Sunday, November 8, 2009

Chaco Canyon

Oct. 3, 2009
For many years, one of my favortie places has been Chaco Canyon. I've taken most of my children there for one-on-0ne adventures, and I was pleased when my good friend, Keith wanted to stop by there as we were driving home from Albuquerque.
One thing new: Apparently a smallish herd of elk wandered into the canyon a few years ago and have never left.
We camped in the Park Svc. campground and when I had trouble sleeping, I listened to elk bugling in the remote parts of the canyon. I asked several people if they'd heard them and they hadn't. Sound sleepers, I guess, but in all fairness the elk were a long way away and I wouldn't have heard them over the sounds of daytime.

We were at a ruin at the bottom of the canyon and this photo includes a stairway (partially circled) cut by the Anasazis to make it easier to reach the top of the surrounding cliff. There are quite a few of these stairways scattered around the canyon and they are part of the Anasazi road system radiating out from Chaco to their communities as far away as Mesa Verde. One of the Anasazi mysteries is why they built graded roads 15-20' wide when they had no vehicles, no beasts of burden, and only primitive tools. It is amazing to contemplate how much labor they spent building these roads, buildings, and stairs, with only stone tools. Why did they do it?

Pueblo Bonito is the impressive ruin in almost all photos of Chaco Canyon. One of the treats of a tour of Pueblo Bonita is that you can go deep into the ruin and enter this room that is completely intact. You can see how the Anasazi built the multi-story buildings - Rock walls with embedded logs to support the floor of the room above.
The Anasazi carried these logs by hand more than 60 miles from where they were felled!

We decided to take the 6.3 mile hike to Jackson Stairs, the only official trail at Chaco I've never hiked before.

To get to the top of the canyon rim, a path leads up a steep slope over fallen rocks and scree, then into a cleft in the rock. In this photo, I am about half way through the cleft, as we exchanged photos ops.

I stayed put while Keith passed me and here he is, just emerged into the sunlight near the top. The rock to the right has separated from the cliff. The debris at the bottom of the cleft is slowly forcing it away from the cliff and may someday push it right on over.

Here is Keith coming up the final stretch to the top of the mesa. I passed him to take this photo and he is only a few feet beyond where he was in the previous photo. The inside of the cleft in the rock is so deep it's almost dark. The nicest thing is it's very cool - a pleasant relief after a hot, sweaty hike in the sun.

I've been intrigued by this spot for many years. It was not mentioned in any Park Service pamphlets, signs, etc. until just recently. It now has a sign, "pecked basins". There are two basins here and there are more scattered around the canyon in random, remote locations - all on canyon rims. Nobody knows why. The one in the foreground is about 5" deep (the photo can trick your eyes into thinking it is sticking up, but it is a basin) and 14-15" in diameter. It was difficult to get both basins in one photograph without some aid, so I set my water bottle in the far one to make it stand out better.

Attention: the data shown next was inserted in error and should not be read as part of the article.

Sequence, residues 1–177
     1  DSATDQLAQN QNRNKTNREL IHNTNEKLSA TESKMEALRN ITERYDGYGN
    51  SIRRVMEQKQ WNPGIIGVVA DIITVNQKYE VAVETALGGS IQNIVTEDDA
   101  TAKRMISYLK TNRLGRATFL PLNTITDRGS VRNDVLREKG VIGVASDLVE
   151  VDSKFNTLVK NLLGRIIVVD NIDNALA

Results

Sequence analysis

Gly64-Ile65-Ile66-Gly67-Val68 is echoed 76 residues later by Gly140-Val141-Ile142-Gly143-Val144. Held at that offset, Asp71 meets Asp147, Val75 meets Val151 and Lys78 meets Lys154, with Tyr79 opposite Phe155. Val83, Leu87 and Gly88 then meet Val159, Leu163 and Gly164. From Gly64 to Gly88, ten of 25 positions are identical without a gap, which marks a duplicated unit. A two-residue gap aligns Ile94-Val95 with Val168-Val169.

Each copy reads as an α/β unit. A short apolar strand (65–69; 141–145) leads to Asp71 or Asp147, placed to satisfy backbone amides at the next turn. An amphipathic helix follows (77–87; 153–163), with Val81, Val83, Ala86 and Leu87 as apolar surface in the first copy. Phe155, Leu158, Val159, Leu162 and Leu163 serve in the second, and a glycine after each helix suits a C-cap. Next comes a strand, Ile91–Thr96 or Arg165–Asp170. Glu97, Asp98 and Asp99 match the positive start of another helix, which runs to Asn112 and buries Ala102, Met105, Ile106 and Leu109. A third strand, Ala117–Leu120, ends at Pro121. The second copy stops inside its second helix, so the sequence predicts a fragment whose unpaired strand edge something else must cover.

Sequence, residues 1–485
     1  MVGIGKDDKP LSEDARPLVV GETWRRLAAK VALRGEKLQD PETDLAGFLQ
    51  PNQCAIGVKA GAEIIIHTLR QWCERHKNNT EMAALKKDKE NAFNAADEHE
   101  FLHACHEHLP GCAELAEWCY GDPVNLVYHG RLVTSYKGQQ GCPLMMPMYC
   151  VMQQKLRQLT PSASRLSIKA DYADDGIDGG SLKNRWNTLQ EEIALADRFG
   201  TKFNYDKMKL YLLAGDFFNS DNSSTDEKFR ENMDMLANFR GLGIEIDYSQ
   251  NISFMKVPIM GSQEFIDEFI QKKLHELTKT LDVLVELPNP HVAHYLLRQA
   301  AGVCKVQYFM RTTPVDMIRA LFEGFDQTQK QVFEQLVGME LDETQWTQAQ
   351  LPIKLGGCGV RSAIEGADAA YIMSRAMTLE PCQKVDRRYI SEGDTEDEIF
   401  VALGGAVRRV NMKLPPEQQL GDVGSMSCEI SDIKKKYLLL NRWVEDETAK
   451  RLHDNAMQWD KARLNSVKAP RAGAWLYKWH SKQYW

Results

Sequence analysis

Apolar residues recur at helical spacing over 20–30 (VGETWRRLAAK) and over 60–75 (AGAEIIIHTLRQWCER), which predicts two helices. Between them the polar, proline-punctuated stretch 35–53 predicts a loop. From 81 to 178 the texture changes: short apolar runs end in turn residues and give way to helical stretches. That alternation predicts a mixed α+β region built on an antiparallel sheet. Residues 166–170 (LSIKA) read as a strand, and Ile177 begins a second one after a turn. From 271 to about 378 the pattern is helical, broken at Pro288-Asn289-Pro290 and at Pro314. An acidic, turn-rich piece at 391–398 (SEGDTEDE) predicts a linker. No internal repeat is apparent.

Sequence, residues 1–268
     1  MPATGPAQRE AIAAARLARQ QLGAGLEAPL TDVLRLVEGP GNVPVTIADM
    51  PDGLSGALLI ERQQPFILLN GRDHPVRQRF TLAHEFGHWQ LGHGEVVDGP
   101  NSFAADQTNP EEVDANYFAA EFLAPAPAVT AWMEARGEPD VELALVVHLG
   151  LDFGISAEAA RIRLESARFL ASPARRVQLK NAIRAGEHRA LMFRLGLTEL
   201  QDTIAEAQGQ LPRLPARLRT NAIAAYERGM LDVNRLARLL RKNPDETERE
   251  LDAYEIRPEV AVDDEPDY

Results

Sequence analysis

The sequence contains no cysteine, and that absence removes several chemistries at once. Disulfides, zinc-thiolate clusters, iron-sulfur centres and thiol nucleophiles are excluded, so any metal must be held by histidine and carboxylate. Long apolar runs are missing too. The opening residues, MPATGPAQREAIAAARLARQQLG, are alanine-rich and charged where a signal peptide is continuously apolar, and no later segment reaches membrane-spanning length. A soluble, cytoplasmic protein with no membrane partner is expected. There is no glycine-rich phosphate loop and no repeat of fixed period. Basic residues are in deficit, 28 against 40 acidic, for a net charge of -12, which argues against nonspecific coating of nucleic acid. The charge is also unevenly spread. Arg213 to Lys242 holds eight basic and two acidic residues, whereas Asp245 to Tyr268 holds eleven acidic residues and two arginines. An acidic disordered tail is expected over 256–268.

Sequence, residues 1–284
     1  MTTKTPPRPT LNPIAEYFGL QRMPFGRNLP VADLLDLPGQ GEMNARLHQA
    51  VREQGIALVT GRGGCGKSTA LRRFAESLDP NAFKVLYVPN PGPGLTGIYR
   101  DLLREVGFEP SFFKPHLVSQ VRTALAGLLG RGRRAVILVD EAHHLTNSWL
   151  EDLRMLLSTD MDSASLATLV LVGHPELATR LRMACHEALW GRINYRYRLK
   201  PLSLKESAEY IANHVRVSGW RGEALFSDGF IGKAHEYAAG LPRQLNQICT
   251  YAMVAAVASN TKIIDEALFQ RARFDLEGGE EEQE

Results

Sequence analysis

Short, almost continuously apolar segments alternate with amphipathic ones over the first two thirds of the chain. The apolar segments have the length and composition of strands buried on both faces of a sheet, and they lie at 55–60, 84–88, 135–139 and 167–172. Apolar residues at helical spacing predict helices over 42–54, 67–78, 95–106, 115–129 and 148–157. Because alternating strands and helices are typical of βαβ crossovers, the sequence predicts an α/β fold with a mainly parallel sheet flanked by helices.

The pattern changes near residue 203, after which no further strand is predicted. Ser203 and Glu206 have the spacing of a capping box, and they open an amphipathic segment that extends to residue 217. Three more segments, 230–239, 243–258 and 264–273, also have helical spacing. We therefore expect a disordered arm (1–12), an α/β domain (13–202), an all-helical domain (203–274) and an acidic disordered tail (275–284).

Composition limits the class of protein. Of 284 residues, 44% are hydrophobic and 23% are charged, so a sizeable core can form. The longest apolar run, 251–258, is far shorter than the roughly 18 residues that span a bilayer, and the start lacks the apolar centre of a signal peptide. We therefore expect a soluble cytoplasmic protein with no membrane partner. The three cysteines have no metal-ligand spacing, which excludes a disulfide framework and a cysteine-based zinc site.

Jackson Stairway

Keith is sitting at the top of this stairway. It is interesting in that there are hand holes at each side of each step. It is a mystery why the Anasazi made their stairways so wide. Some are 8 feet wide, these are about 3-4. The bottom of the stair was on rock that has since sloughed off, so now it kind of disappears, re-appears, and then is gone for the bottom 20'.

This is the view from the side. You can just see the steps extending down from the rock. Keith is standing on the rim a little farther along.

I sat on the rock at the top of the stairs and pointed the camera straight down, past my foot. As you can see, this is no house staircase - it is STEEP!

As you hike along the mesa, there is a layer in the stone where it looks like re-bar is weathering out of concrete. It turns out that they are the remains of where ancient shrimp tunneled in the mud of an ancient sea bed. The tunnels filled with minerals and it all hardened as you see here next to Keith's hand. The red pebbles are pieces of the tubes. Most of the tubes are about 1/2" in diameter. These are a little larger, and in one place we found one that was about 18" in diameter, but I don't think that one was a shrimp.

We had to go through this narrow chute when going from one mesa level to a lower one . Keith is struggling to get his boot past the other - you know, like, taking a step. I had a difficult time, too, but Keith's feet are several sizes larger than mine and he really had a tough time getting through it. It didn't help that we'd been hiking for a while and we were both getting kind of beat by then.

View from the top looking down at one of the ruins. The round things are Kivas and they originally had log and earth roofs. Current pueblos have a kiva for each clan, and they use them for religious, social, ceremonial, and other things. I think they are just cozy places to gather, kind of like foyers in LDS churches.

A native of Chaco Canyon.